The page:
There was instantly something special about LCD Soundsystem's 45:33 when it first found its way into existence. For some, it was the changes in pace and style that ran through its never-pausing entirety, echoing genres of the past; for others, it was the excitement of hearing hints of what was to follow on Sound of Silver six months later.
Indeed, some maintain that it is the most cohesive, complete and interesting album/track the band have produced. I’m very much one of those people.
Now almost three years on, we find ourselves being reminded of what made it so great via a series of remixes undertaken by the current cream of the crop. The entire 46 minutes have been carved up into sections, remixed accordingly and reassembled in an order that vaguely resembles the original piece (across a CD or four separate 12-inch singles) – it’s the Joan Rivers of electro if you will.
So does the new format work as well as it’s forebear? Well, not really… no.
Its flaws are much like those of any other album of remixes, truth be told. Some take the source material, improve on it greatly and turn in worthwhile variations, whilst others merely tweak the tempo or struggle to add anything of their own to the equation - meaning the end result is understandably varied and highly subjective. But probably the biggest downfall of this particular collection is that four of the eight reimaginings all sample the exact same section of the record, meaning repetition sets in far quicker than it ought.
NYC residents Runaway and Prince Language get to tackle the opening movements. Runaway’s is the far more successful of the two, slower in its build up to the original bars which are encapsulated in a setting barely recognisable from their source; meanwhile Prince Language’s effort deals with the opening words sung by Murphy, looped over the upbeat glockenspiel playing, drums and analogue-synths. It’s passable, but almost identical to the section it derives from.
Which is sadly also true of the popular Prins Thomas Diskomiks remix, with the source material doing all the hard work for him and retaining near note-for-note the original’s second quarter of ethereal disco. It’s vaguely useful for anyone wanting to DJ this particular section perhaps, but not for a fan wanting to hear something evolutionary.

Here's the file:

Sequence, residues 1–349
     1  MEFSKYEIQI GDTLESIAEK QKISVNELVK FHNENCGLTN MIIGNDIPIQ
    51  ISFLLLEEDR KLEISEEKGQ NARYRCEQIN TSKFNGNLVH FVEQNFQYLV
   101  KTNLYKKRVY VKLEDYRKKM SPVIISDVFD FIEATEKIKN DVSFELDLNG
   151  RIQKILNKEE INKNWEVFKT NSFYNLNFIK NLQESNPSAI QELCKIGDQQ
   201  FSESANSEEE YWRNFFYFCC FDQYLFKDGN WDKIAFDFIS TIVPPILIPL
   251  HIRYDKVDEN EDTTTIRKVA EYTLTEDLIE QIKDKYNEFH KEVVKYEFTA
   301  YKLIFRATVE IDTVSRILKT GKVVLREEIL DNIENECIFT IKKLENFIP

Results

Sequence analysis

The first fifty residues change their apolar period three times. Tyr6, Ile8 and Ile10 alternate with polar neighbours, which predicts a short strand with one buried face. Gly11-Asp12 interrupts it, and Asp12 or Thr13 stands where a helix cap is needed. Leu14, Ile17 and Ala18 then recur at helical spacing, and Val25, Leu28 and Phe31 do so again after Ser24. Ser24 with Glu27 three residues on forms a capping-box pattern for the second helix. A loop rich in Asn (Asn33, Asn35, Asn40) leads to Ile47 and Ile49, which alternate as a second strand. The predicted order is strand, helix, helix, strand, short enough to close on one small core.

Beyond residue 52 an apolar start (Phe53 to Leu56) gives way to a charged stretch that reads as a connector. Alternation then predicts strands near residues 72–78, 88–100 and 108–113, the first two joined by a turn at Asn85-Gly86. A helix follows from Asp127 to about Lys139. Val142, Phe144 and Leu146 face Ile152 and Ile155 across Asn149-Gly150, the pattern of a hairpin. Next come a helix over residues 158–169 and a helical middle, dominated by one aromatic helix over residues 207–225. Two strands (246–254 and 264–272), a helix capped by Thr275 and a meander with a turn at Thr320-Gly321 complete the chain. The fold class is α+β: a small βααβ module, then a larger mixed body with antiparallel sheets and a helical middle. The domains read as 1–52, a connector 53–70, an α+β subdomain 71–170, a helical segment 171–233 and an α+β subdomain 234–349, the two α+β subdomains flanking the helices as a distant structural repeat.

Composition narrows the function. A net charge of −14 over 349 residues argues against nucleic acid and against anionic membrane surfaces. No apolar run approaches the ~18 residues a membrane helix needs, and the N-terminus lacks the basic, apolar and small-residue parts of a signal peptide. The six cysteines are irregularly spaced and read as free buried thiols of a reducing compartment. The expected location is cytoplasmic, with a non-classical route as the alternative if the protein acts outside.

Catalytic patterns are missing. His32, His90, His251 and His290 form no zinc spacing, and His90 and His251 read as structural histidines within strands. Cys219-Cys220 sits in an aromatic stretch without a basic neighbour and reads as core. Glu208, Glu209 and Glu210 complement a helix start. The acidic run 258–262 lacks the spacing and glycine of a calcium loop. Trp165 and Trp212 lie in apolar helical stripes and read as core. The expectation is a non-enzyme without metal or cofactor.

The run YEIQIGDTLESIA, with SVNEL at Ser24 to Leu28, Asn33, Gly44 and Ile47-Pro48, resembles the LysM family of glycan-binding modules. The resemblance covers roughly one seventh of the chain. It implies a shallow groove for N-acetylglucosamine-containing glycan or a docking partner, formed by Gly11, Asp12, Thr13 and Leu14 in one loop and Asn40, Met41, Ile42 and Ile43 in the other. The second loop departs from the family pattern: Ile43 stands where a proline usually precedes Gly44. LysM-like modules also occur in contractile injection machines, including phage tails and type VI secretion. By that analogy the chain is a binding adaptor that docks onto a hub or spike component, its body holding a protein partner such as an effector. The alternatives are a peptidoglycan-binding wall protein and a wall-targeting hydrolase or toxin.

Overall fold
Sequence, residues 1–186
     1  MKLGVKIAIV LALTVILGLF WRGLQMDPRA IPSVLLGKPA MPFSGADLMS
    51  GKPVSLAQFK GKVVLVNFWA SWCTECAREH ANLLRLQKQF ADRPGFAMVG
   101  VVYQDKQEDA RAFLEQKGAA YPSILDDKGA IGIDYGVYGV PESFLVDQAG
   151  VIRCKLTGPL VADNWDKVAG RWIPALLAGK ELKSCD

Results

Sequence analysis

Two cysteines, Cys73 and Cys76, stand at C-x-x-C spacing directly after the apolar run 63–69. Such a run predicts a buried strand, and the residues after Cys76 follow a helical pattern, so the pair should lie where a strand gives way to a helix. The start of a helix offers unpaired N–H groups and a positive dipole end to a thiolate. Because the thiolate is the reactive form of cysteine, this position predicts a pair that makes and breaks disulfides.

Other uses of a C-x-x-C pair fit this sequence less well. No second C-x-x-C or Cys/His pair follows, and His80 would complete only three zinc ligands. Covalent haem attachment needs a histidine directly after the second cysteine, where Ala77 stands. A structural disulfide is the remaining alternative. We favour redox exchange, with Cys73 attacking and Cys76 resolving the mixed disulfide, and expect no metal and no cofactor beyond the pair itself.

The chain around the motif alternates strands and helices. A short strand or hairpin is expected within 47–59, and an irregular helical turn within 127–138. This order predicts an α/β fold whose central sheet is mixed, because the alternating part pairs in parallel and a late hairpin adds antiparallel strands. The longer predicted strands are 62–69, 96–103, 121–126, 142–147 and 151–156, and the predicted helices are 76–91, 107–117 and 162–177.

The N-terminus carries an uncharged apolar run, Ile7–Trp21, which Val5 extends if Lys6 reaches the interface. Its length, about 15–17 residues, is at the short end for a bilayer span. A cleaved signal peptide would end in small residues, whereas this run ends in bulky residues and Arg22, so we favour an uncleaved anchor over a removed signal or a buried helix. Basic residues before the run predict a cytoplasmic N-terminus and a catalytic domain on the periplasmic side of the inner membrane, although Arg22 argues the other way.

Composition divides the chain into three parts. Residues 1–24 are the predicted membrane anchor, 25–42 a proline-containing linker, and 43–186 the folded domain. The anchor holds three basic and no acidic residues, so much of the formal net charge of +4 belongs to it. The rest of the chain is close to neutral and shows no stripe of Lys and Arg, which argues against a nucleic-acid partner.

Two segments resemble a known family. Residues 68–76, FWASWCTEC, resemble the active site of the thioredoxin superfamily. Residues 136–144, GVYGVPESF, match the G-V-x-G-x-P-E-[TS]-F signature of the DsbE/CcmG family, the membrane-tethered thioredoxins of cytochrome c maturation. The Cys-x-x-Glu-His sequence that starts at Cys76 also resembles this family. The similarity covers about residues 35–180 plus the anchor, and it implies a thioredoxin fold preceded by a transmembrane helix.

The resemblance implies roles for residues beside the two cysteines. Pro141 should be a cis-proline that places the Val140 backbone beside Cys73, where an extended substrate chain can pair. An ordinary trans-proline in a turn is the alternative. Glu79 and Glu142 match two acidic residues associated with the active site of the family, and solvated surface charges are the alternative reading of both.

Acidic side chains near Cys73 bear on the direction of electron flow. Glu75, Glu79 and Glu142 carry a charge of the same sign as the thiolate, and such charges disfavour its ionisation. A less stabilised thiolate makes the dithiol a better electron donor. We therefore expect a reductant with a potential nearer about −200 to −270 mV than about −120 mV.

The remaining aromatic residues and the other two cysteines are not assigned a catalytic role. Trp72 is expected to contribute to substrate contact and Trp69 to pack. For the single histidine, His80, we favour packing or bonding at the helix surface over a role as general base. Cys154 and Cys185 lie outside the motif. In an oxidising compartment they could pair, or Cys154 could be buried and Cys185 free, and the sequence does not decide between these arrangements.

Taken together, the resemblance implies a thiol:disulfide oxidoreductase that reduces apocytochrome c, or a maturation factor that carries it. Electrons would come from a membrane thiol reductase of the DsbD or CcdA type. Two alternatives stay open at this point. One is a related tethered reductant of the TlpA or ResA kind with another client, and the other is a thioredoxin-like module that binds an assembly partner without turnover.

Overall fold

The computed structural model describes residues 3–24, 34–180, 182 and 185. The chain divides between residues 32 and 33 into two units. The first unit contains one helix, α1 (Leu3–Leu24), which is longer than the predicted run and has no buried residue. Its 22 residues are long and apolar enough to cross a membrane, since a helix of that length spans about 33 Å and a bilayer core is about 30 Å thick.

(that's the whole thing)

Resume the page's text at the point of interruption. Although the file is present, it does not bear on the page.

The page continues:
So yes indeed, the next the artists all tackle the exact same section, with varying results. Theo Parrish’s Space Cadet remix expands the section into a stop-start offbeat jazz breakdown - engaging in its nakedness for a while but which can’t support its ten minute+ running time; Britain’s very own Trus’ Me at least manages to add something more fluid of his own, reversing the order of the male / female vocal parts and overlaying a harder - if now slightly generic French-techno sounding - beat until it reaches a more epic finale; lastly Padded Cell vamp up the slowed-down Murphy monologue and bassline to create a far more instant affair that’ll likely go down well in most clubs, due in part to the largely unchanged final vocal outro.
That just leaves France’s Pilooski to edit the buggery out of the original, turning in a track that in no way resembles anything from Murphy’s head but more a laid back European house track, then Riley Reinhold finishing off the record with a wonderfully handled piece of minimal techno that is bordering frenetic yet altogether respectful of the original’s haunting, ambient fade out.
Whether or not 45:33 Remixes is for you largely depends on what you want from it. If dropping some sections from 45:33 into a set are on the cards, then the lovingly packaged 12-inches are highly desirable; however if you’re after a new record to ease your LCD Soundsystem withdrawal symptoms, then this probably won’t suffice, even if three or four tracks are worthy of investigation.
6Sean Thomas's Score